growth of whole foods

In other words, Amazon is betting on consumers associating the grocery retailing side of their business with Whole Foods — which has come to be synonymous with high-end groceries — with the delivery logistics of Amazon. Furthermore, many observers suspect that Amazon’s notoriously low margins will even allow Whole Foods to lower prices while maintaining profits.

For those who are worried about the rise of AmazonFresh, this is the scariest prospect. If Whole Foods can maintain its high-end reputation without the need for actual high-end prices, all while moving into the digital retail space, other companies are going to struggle to keep up.


Amazon Dash Wand

It is no coincidence that Amazon is simultaneously releasing their newest lifestyle gadget designed to make shopping easier.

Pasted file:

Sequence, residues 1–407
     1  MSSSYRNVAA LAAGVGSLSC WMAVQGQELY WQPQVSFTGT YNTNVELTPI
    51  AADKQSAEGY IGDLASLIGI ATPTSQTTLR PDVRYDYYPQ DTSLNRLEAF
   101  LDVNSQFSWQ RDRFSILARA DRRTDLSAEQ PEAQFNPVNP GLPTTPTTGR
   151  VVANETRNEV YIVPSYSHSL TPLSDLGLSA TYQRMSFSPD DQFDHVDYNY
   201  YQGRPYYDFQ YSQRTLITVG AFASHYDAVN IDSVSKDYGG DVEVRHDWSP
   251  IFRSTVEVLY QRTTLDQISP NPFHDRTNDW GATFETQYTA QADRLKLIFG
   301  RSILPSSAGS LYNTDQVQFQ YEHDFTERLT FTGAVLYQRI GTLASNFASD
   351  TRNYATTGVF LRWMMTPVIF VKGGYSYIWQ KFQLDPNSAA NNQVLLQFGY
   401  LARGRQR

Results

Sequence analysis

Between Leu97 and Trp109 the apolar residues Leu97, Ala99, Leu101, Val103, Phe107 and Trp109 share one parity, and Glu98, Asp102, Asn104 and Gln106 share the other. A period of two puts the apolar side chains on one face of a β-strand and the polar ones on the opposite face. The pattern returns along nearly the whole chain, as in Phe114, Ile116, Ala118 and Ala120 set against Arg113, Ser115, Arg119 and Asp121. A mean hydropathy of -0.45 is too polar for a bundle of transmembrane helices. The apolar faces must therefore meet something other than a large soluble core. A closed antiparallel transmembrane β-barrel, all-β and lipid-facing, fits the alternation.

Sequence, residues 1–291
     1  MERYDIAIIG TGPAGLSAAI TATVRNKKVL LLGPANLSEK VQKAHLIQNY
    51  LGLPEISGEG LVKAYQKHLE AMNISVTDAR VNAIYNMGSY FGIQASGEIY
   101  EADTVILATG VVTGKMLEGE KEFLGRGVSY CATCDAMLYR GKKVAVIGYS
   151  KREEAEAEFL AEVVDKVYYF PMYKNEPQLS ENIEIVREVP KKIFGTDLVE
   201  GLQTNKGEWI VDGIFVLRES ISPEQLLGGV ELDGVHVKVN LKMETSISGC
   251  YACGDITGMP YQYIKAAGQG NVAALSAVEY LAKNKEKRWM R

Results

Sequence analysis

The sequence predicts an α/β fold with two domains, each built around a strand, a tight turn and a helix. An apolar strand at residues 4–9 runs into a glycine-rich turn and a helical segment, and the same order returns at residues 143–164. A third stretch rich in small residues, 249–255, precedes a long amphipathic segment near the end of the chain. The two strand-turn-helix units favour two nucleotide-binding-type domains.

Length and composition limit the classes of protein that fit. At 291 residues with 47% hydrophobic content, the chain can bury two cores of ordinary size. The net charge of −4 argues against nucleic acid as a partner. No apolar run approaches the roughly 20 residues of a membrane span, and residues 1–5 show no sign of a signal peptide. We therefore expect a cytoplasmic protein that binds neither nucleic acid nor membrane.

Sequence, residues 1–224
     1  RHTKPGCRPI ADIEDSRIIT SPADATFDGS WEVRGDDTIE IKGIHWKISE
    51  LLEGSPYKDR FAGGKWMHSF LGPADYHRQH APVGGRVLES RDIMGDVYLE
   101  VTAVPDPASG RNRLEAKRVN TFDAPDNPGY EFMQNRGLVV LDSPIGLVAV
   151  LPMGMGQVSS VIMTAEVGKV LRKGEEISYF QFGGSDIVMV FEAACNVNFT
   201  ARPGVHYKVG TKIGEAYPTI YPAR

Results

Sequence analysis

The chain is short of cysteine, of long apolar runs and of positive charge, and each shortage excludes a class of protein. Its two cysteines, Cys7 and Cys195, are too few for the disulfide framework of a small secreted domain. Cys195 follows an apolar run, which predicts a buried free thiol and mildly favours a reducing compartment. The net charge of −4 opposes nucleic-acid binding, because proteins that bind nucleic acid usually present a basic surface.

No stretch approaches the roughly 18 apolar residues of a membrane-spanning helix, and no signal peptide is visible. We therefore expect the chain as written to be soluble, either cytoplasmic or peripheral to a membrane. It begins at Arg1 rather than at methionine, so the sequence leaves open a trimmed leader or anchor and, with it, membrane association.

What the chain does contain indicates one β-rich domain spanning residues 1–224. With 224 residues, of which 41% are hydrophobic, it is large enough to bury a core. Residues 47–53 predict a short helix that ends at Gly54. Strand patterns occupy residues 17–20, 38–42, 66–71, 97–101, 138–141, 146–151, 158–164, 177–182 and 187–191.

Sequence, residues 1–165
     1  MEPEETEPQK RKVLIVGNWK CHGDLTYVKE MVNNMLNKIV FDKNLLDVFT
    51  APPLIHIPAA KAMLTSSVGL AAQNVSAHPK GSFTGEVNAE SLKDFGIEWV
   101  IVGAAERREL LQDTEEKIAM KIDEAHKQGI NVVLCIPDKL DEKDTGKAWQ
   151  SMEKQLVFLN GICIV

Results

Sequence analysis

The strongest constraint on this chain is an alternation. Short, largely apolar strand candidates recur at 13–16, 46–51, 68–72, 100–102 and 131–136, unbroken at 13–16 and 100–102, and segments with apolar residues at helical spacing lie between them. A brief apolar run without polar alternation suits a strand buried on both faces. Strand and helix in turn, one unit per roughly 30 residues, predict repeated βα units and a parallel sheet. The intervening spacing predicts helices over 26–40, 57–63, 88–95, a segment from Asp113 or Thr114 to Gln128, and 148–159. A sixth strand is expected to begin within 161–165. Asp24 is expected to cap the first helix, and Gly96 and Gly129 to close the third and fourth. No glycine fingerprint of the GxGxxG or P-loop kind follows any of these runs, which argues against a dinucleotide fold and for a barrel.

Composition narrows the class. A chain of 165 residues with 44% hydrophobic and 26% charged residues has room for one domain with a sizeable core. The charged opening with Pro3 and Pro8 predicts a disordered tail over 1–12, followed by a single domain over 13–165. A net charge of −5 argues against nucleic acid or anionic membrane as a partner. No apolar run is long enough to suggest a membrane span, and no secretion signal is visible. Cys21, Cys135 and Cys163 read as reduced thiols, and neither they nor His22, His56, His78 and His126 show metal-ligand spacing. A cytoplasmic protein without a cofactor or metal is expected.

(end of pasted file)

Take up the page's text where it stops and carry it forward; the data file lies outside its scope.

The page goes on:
The Dash was a device first released in 2014 that enabled consumers to scan barcodes and immediately add those products to their AmazonFresh account. While the device replicated functions readily available on smartphones, the product was designed to be sturdier and more convenient than a multipurpose smart device.

If you ran out of milk, you simply scanned the barcode on the carton, and another carton of the same product was added to your AmazonFresh account. Plus it was sturdy and designed to be stuck to the fridge so it was at the ready whenever you opened the fridge and discovered you were out of your favorite flavor of yogurt.

In addition, the Dash came with a voice feature that allowed consumers to use their voice to add new products to their AmazonFresh account. That way, if you wanted a product you didn’t have a barcode for, it could be added just as easily.